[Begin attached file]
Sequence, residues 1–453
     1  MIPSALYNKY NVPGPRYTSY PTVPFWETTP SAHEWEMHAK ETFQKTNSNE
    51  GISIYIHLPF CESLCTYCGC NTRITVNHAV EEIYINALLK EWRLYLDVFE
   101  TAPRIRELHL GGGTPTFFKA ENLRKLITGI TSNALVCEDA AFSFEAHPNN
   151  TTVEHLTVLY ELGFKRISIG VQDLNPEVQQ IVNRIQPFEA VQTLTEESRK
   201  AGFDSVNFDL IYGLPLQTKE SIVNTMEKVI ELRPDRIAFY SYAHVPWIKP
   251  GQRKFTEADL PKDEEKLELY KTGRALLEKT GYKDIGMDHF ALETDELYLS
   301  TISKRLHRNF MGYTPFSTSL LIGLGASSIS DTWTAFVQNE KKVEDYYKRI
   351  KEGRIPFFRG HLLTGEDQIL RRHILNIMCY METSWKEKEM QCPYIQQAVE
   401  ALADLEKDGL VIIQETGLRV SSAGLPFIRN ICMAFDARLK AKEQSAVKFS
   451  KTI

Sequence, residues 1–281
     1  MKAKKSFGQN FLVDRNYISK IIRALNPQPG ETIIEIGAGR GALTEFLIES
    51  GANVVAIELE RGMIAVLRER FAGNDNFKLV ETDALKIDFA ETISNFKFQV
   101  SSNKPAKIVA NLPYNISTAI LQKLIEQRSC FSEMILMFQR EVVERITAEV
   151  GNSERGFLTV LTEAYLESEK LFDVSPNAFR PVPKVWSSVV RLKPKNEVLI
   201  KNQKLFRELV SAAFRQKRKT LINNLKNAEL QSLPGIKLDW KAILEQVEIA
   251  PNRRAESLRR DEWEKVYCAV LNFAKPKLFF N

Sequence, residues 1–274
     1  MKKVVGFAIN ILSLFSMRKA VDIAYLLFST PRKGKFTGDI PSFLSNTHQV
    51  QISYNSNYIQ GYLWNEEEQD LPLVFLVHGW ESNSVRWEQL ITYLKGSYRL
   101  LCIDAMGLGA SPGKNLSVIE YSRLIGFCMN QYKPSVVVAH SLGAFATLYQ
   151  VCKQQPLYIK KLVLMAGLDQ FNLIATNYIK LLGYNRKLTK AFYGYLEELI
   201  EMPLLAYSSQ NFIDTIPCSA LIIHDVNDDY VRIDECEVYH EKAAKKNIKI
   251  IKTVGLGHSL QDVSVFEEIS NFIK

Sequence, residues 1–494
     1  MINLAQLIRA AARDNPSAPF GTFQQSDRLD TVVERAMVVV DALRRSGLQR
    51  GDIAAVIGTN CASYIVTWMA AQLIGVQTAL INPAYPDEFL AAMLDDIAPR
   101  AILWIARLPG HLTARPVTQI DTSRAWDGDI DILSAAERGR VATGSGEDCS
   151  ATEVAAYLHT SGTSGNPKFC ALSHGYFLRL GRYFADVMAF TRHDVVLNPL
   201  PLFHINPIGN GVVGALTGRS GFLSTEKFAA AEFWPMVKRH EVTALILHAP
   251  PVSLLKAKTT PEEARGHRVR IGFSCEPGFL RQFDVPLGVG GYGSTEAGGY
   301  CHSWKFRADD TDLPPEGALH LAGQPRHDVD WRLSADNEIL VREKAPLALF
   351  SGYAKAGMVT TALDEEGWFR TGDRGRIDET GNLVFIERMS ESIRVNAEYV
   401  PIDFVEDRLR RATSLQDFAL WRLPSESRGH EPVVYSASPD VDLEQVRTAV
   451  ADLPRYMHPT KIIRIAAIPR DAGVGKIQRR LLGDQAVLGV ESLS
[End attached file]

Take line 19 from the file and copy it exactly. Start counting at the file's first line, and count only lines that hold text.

Sequence, residues 1–274